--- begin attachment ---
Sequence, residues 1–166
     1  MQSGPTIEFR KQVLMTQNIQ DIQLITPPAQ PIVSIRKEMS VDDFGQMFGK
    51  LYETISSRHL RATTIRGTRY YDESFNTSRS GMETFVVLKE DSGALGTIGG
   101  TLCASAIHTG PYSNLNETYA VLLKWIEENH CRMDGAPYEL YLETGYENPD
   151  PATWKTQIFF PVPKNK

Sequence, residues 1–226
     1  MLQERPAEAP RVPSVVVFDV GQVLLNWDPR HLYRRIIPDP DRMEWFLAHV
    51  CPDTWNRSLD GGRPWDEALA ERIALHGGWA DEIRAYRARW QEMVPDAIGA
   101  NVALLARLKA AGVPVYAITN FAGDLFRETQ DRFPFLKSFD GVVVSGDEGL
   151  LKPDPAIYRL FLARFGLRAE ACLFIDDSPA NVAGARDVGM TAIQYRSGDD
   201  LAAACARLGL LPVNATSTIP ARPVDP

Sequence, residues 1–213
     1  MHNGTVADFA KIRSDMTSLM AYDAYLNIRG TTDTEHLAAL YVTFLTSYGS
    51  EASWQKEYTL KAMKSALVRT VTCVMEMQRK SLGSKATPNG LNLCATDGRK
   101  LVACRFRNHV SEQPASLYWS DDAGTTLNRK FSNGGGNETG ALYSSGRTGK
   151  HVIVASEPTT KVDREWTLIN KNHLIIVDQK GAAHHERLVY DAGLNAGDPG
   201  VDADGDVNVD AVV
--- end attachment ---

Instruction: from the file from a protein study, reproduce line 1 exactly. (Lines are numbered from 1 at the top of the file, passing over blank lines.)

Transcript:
Sequence, residues 1–166